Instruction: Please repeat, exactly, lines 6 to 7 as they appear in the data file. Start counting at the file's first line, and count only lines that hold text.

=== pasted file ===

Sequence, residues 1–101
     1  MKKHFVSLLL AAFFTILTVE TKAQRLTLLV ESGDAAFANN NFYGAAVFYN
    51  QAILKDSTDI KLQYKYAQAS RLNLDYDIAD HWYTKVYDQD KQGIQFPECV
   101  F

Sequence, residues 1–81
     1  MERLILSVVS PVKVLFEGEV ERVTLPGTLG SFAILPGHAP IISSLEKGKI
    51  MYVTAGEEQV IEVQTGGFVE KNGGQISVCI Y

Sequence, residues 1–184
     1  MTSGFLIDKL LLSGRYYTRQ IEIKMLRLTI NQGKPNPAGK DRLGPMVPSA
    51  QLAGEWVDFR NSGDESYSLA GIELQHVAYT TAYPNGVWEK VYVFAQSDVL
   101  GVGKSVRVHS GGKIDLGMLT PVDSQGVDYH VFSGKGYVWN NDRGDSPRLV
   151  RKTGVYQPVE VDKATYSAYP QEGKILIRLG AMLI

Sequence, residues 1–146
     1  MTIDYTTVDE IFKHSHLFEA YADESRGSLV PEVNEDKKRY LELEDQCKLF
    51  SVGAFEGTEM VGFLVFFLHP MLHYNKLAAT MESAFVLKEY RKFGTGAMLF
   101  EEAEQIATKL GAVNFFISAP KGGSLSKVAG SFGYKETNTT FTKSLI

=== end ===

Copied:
     1  MERLILSVVS PVKVLFEGEV ERVTLPGTLG SFAILPGHAP IISSLEKGKI
    51  MYVTAGEEQV IEVQTGGFVE KNGGQISVCI Y